Love, DeMar DeRozan, Royce White and others broke barriers stepping forward into the spotlight to discuss their challenges. But there are a lot of barriers still up, and a lot of work for both the NBA and society to do on this front. And privacy must be part of that.

Rebuilding Hawks add depth by signing Daniel Hamilton, Alex Poythress.

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ATLANTA (AP) — The rebuilding Atlanta Hawks have added depth by signing guard-forward Daniel Hamilton and forward Alex Poythress.

Poythress was signed to a two-way contract, so the former Kentucky player will split his time with the Hawks’ G League Erie team.

Hamilton is on a fully guaranteed one-year contract after impressing the Hawks playing for the Thunder Summer League team. He averaged 2 points in six games with Oklahoma City last season while on a two-way contract with the Thunder. He spent most of the season with the G League Oklahoma City Blue.

Poythress averaged 1 point in 25 games with Indiana last season. He began the season on a two-way contract.

 

Lance Stephenson on why he blew in LeBron’s ear: “I was really trying to get him mad”

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Lance Stephenson and LeBron James are teammates with the Lakers.

It’s not something anyone would have seen coming back in 2014 when Stephenson blew in LeBron’s ear, creating a meme for the ages and adding to the legend of Stephenson. From the moment it happened, people have asked: “What was Stephenson thinking?”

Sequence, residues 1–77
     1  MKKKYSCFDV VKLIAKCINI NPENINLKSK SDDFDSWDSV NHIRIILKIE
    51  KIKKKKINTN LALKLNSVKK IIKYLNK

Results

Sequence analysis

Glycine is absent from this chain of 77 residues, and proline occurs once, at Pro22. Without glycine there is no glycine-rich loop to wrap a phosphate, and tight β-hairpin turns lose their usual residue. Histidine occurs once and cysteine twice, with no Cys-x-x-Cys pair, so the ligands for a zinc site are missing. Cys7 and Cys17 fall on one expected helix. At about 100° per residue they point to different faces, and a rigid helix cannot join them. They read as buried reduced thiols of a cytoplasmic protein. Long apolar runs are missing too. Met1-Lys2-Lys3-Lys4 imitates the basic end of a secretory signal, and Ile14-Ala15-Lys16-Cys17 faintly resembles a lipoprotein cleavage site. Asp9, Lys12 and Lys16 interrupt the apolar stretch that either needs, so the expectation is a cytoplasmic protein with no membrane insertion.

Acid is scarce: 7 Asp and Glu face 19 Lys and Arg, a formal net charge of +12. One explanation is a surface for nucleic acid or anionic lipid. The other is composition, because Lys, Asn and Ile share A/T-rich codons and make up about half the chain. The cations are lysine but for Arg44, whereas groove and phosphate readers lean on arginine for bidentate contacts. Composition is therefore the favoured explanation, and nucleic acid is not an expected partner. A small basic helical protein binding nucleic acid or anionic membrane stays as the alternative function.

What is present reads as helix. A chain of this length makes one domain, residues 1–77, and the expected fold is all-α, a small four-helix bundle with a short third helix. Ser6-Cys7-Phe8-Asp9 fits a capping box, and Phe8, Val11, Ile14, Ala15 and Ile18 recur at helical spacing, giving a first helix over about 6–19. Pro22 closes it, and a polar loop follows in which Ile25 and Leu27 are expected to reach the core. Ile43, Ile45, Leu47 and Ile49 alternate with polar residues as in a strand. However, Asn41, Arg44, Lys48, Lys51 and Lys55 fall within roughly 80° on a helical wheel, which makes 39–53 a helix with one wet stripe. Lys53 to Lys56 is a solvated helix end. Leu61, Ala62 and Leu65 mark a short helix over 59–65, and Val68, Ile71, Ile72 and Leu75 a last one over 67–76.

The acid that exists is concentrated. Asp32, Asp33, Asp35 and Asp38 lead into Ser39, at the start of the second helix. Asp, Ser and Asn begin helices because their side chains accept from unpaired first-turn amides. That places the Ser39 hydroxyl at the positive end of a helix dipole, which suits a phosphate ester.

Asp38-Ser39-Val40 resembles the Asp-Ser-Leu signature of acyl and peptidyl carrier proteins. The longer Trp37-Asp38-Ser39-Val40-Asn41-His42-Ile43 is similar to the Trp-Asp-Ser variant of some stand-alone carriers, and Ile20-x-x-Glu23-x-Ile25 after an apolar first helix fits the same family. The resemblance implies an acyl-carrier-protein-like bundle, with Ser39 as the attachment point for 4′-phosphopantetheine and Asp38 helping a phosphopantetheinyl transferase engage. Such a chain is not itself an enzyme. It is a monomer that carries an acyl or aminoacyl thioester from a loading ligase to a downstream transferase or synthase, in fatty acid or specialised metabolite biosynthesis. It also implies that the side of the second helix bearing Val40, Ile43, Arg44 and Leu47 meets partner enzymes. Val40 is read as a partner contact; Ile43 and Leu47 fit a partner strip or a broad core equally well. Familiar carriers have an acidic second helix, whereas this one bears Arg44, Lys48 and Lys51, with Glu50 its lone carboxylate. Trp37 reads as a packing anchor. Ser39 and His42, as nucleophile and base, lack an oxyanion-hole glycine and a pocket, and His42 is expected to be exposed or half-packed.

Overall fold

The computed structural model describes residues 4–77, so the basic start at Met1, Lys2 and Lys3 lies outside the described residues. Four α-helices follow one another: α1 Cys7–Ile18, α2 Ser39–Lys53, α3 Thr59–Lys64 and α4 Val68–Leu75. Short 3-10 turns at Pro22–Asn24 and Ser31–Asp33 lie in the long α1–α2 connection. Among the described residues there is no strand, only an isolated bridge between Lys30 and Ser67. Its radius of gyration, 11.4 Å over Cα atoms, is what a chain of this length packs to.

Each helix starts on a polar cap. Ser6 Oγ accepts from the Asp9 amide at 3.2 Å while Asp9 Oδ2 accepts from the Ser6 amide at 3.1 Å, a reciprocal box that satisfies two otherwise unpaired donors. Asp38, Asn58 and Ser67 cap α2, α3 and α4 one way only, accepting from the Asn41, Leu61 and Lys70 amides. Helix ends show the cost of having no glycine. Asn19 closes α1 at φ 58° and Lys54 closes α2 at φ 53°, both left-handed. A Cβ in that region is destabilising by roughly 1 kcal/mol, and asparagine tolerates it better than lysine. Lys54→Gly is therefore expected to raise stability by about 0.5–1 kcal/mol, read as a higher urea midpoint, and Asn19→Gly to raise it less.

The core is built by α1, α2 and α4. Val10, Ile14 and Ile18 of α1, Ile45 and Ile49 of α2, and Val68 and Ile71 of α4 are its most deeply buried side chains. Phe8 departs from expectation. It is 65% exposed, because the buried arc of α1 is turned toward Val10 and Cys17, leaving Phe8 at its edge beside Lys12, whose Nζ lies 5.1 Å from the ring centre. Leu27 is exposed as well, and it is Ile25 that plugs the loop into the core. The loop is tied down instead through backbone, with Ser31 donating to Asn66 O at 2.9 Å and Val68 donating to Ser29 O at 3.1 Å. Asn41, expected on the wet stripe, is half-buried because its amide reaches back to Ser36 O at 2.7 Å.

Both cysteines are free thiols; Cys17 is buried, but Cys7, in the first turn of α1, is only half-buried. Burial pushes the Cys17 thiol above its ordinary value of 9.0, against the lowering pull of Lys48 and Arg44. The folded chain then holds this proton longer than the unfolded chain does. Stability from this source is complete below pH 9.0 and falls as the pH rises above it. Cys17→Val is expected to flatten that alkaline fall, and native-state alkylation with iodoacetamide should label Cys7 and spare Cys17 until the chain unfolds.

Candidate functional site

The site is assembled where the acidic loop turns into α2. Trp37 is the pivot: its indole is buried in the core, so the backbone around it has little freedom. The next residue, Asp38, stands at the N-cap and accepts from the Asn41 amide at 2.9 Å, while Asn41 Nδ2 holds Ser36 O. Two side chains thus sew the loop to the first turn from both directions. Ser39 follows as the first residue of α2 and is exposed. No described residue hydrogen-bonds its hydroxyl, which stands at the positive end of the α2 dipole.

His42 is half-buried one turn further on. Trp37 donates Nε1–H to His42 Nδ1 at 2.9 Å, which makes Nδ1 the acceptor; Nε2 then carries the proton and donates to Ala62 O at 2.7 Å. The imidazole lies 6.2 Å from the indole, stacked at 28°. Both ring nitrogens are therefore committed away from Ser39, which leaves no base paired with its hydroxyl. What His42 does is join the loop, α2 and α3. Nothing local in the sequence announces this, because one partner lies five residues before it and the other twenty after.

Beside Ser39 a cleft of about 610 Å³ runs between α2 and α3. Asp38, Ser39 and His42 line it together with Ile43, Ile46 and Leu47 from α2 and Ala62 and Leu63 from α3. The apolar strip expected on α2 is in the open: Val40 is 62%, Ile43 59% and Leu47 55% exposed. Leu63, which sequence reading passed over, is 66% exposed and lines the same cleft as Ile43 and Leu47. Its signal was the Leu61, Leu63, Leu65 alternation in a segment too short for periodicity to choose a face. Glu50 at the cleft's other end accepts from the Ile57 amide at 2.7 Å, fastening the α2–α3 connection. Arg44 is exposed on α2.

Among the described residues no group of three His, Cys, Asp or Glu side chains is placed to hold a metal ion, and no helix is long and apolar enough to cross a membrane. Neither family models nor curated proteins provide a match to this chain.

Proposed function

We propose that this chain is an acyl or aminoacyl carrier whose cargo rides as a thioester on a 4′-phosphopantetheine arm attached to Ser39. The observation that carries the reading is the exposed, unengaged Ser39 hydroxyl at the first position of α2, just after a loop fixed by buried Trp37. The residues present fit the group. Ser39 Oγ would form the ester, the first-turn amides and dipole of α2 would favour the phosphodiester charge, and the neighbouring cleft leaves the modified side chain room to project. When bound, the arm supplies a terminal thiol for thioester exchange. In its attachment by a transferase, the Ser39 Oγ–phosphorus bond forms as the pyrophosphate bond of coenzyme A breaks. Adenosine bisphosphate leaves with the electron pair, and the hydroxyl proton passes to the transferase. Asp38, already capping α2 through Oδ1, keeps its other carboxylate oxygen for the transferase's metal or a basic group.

“I was really trying to get him mad, really trying to win the game, get him unfocused,” Stephenson told The Score in an interview (video above). “And I was trying anything, and for you to do something to somebody and they don’t respond, they keep continuing playing hard, it’s like: ‘yo, how do I…’ I was just trying to find stuff… LeBron was such a good player, you know, I was trying to do anything to get him frustrated. It’s going to be different, being friends with LeBron, you know what I mean?”

We do, because Stephenson did other stuff over the years, like tap LeBron on the face, trash talk LeBron, and kicking him in the “groin,” and those antics occasionally worked.

LeBron has said before he could put that behind him and play with Stephenson, but of all the signings the Lakers made this summer this was the one that left people around the league scratching their heads. In part because of the history between the two, but more because of Stephenson’s history outside of Indiana — he’s struggled. Badly. Now he’s going to be put in a tight role on a team with high expectations and ridiculous levels of scrutiny. Is this really going to work?

It’s just a one-year deal, the Lakers set themselves up to chase another star (via trade or free agency) and that remains the priority. Everything else is just window dressing. But man, there could be quite a show in that window with the Lakers this season, that’s a lot of big personalities in one space.

 

Nuggets rookie Michael Porter Jr. guesses Vince Carter’s first NBA season was in 1987 (video)

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Nuggets rookie Michael Porter Jr. insisted he meant no disrespect to Luka Doncic after liking an Instagram comment that called the Mavericks rookie overrated.

But this is darn sure disrespectful toward Vince Carter.

Alex Kennedy of HoopsHype:

Carter – who signed with the Hawks for next season – entered the NBA in 1998. He’s old, but he’s not that old.